Freud said that “hysterics suffer from reminiscences,” although he didn’t have memoir-writing in mind. As I write my way back ceaselessly into the past, I wonder about all the things I only half-know and half-remember, random hysterical tics. Wasn’t I absorbing, all the time, the habits and styles of an invalid’s life? For a long time after my father’s death, I lost my interest in empirical science, so I don’t know if neurologists have figured out the mechanisms of Proust’s “involuntary memory.” I can see the headline anyway: “Researcher Locates Secret Ingredient in Proust’s Madeleine.” They’re tracking the section of our brain that lights up when we eat a favorite food of childhood, encounter a perfume our mothers wore. But what will the light tell us? We still can’t will memory into existence without changing it somehow. The conditions of the experiment affect its outcome, which is why, like most great discoveries, Proust’s recovery of his Combray childhood happens with a sudden loss of control, by accident. The true restored memory returns to us unbidden. Its sign is surprise. Or maybe the feeling of surprise is mistaken for the truth? Either way, in fits and starts, in idle hours or with strained purpose, over the last ten years I’ve tried repeatedly to write about the day I finally learned my father was dying from AIDS.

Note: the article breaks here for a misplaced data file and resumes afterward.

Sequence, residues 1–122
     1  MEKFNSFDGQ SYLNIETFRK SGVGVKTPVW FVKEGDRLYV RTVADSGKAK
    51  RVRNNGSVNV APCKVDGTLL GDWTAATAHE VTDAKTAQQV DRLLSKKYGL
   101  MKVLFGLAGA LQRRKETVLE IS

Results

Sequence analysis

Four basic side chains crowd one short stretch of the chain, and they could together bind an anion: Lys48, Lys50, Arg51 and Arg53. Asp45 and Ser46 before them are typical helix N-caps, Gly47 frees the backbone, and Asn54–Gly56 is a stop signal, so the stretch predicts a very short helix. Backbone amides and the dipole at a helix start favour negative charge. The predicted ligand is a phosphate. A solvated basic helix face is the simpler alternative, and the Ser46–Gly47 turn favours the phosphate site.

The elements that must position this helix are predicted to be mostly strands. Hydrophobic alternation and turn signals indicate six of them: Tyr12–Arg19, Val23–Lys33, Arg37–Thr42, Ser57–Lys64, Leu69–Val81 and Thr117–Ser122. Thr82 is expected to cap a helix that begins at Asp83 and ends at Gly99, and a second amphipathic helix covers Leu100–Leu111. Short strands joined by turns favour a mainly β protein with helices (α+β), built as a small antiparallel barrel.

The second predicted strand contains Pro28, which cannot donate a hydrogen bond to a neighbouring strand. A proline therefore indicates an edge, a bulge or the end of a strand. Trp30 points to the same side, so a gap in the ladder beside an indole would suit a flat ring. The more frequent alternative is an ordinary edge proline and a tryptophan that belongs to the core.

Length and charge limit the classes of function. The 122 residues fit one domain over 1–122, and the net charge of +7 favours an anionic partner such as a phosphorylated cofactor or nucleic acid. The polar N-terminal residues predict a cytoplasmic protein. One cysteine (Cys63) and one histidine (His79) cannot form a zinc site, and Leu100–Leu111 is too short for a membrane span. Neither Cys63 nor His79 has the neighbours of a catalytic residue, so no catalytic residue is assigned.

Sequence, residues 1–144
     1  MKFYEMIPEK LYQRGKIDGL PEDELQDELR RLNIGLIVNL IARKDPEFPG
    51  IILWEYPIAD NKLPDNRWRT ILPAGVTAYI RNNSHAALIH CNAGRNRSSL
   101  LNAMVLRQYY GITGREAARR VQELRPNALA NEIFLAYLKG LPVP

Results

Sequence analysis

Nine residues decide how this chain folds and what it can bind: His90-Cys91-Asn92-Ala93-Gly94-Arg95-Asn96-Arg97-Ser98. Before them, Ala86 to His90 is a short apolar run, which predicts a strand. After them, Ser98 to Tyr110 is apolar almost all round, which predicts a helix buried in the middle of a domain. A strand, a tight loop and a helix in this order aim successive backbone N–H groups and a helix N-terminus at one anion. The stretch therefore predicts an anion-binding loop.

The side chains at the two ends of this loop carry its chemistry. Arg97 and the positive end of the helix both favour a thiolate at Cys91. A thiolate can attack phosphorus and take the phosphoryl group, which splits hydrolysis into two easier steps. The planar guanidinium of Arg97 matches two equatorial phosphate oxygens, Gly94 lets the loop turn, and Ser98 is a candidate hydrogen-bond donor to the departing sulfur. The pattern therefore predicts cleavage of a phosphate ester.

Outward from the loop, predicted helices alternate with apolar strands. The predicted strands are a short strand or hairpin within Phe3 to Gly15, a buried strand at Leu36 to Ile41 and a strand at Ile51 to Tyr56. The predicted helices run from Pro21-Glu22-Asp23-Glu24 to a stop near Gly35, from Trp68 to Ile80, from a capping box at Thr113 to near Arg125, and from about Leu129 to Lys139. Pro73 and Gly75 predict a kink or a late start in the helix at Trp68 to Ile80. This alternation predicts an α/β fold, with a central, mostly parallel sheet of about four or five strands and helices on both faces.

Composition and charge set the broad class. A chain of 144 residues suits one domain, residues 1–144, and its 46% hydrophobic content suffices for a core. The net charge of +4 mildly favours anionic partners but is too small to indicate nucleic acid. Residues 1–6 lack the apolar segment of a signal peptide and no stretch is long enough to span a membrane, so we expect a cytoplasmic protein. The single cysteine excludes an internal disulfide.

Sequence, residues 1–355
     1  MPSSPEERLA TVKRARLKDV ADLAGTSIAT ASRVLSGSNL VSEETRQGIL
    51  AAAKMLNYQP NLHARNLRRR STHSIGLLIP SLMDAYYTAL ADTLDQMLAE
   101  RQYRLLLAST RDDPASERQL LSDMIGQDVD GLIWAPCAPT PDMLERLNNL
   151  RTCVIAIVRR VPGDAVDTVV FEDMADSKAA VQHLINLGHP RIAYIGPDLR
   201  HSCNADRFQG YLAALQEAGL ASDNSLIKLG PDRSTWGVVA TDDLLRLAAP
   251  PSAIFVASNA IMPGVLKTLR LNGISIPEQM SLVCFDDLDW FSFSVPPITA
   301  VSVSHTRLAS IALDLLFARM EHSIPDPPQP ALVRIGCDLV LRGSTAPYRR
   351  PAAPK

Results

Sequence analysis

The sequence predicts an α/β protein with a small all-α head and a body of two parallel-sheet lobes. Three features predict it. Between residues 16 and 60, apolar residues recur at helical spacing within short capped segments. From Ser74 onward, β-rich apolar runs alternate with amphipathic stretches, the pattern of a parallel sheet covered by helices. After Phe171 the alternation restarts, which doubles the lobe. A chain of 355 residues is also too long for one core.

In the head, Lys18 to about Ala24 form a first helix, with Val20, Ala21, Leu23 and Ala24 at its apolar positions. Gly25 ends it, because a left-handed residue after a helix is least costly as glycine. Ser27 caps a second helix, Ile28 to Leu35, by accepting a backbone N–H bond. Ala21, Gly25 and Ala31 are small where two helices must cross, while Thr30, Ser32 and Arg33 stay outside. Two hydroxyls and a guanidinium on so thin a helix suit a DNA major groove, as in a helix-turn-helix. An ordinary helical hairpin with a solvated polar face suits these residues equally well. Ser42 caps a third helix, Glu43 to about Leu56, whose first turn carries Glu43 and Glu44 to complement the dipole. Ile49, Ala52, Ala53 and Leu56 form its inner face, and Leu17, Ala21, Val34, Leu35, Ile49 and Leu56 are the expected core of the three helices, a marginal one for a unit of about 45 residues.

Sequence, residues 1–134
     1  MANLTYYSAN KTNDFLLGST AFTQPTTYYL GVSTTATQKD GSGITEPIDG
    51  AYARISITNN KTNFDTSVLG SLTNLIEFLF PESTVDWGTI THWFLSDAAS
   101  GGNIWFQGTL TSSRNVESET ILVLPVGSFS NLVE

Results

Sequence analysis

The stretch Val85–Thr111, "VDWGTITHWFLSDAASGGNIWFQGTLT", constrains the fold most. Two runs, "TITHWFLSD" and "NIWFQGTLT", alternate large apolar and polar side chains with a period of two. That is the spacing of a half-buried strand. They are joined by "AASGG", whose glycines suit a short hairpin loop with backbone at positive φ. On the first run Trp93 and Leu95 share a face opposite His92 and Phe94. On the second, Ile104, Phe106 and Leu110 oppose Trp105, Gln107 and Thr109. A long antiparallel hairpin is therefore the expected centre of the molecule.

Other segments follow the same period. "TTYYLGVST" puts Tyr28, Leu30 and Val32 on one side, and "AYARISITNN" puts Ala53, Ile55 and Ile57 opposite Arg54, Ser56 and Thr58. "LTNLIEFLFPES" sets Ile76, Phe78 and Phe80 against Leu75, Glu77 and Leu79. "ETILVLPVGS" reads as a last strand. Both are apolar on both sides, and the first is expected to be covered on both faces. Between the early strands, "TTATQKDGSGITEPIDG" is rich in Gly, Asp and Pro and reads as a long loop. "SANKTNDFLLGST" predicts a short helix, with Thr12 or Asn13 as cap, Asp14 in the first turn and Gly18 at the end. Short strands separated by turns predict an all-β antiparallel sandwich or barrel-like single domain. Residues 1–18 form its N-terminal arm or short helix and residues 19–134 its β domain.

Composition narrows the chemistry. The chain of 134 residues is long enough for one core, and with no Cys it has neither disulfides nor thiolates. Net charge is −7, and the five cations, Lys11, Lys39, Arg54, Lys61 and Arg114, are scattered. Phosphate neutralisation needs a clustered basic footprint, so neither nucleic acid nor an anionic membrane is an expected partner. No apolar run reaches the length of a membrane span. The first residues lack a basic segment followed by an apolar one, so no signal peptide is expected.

Such an event, oh yes, shouldn’t it be indelibly etched in my memory? Still, the scene keeps shifting: in one leadenly symbolic version, I’m interrupted while reading a letter from the girl I’d kissed a few weeks before. In another, I’m losing myself in a Yankees game, Mattingly batting in the third. I’d learned to play baseball mainly by watching him, the deep crouch at the plate, weight on the back knee, shifting quickly forward as the hips turned to bring the bat through to meet the pitch, the quick snap of the wrists used to fight off pitches and scoop errant throws to first. My father watches with me for two minutes, a look of pain and disgust on his face. He asks me to switch it off. I refuse until I notice that somehow, unlike his usual unprovoked attacks on my sports habit, this one is really serious. A third draft tries a tableau of a more unified family life—my father at his place at the kitchen table, opposite my mother, who I can see is trying not to cry. The biology textbook he used when teaching medical students, placed to his right, is open to the section on immunobiology. I’ve pulled around one of our high-backed cane dining chairs to see better, hunching uncomfortably over the edge of the table. As I press down into the wickerwork, a latticed tattoo is growing on the back of my thighs. It will look like the diagrams of molecules on the page. My father, sitting straighter, stretches a finger over the book, pointing out a section or chart of the various kinds of cells that make up our immune system. You could imagine it as a series of engravings, “My Father Explains the Mechanism of the Disease That’s Killing Him.”